7

Today happens to be father's day in Finland, and I would like to know how to express that in Latin. My understanding is that ancient Romans did not have a father's day, so the question is about translation. How should I say "father's day in Latin" and why?

Dies patris is one way to put it, but perhaps dies patrius would be better. What adjective should I use if using one is better than going with the genitive? Should dies be masculine or feminine in this use? Or should I express it in some other way?

  • If you go with the genitive, I would say dies patrium, because it is a day for all fathers. – Benjamin McAvoy-Bickford May 28 '17 at 10:15
  • @BenjaminMcAvoy-Bickford Weirdly enough, in Finnish we have father's day (singular) and mothers' day (plural). I can understand both singular and plural, but perhaps plural is indeed a little more natural. – Joonas Ilmavirta May 28 '17 at 14:16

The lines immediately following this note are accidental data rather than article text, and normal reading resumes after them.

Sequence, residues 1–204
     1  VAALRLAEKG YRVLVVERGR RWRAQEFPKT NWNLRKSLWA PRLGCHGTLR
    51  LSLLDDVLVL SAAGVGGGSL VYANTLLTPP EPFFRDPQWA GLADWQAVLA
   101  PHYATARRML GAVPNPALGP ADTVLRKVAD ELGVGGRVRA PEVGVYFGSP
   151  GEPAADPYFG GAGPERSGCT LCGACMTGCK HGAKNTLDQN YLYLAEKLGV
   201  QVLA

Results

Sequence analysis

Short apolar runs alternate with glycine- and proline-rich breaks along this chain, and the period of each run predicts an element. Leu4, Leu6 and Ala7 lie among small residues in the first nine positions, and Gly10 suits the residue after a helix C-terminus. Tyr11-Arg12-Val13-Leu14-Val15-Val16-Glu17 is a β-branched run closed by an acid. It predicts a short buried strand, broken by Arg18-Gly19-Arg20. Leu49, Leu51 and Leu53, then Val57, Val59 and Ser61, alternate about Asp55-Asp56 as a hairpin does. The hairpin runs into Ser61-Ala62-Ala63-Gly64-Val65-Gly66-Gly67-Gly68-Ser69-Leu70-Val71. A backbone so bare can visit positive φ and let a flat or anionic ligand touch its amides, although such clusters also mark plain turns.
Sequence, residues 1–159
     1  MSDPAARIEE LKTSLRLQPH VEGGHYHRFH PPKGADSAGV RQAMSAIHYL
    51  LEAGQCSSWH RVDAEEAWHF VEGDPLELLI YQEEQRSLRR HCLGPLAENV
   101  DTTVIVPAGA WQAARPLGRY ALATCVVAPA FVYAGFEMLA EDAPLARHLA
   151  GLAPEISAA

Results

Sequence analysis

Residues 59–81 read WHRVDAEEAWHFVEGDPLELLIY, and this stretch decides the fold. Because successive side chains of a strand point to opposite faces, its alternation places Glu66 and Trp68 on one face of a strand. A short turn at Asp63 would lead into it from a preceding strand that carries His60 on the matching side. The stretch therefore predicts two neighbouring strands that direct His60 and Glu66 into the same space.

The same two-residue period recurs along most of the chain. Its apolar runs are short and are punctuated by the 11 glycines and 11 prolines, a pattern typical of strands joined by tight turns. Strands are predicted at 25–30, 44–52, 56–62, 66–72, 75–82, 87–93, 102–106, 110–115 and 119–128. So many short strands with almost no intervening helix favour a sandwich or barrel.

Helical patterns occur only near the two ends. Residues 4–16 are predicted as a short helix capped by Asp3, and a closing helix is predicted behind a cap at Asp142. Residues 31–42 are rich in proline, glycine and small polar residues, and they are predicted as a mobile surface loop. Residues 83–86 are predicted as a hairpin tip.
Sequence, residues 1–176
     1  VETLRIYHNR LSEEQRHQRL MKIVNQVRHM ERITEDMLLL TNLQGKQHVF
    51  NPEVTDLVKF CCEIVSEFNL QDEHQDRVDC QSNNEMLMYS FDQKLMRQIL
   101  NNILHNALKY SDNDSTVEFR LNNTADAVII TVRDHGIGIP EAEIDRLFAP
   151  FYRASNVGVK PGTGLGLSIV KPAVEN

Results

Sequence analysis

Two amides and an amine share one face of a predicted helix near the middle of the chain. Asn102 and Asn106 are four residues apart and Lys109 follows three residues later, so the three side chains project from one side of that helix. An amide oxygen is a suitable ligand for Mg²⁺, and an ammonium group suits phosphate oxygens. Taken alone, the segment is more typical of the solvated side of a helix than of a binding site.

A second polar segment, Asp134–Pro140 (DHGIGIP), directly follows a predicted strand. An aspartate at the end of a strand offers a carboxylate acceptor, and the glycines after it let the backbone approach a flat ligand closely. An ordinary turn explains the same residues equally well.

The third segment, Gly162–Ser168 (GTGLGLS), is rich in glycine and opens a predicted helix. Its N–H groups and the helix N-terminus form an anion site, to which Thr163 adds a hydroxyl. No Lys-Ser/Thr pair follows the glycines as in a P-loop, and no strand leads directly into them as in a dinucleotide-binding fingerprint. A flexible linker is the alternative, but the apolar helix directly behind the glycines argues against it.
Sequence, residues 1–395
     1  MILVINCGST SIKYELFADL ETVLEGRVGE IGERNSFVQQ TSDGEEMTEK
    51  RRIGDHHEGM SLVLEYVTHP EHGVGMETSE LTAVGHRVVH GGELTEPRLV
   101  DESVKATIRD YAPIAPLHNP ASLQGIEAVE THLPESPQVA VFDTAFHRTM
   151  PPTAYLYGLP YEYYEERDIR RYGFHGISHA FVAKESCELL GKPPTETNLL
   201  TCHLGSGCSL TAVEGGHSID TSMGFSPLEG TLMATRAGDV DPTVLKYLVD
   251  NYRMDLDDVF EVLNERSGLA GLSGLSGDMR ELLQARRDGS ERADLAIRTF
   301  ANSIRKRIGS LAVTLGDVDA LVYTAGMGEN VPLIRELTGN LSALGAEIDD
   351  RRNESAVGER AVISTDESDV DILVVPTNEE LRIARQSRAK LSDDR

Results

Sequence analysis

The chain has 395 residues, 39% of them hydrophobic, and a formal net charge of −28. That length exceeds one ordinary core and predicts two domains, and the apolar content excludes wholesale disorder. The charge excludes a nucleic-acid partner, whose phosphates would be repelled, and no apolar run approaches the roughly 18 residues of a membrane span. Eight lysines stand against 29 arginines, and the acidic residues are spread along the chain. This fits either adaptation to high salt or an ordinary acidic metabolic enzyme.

8

Holidays were festivals and marked by an adjectival form in the neuter plural. Based on similar festivals, it would probably be patralia. Compare similar examples:

  • Saturnalia, the festival of Saturnus
  • Parentalia, the festival commemorating your ancestors
  • Parilia, founding date of Rome
  • 1
    Ingenious! Presumably for a rite dedicated to a god Patuta? – Tom Cotton Nov 14 '16 at 15:16
4

I like to keep these things snappy and simple. Dies patribus — a day for fathers — expresses the spirit of the occasion and will answer in most situations.

Your Answer

By clicking “Post Your Answer”, you agree to our terms of service, privacy policy and cookie policy

Not the answer you're looking for? Browse other questions tagged or ask your own question.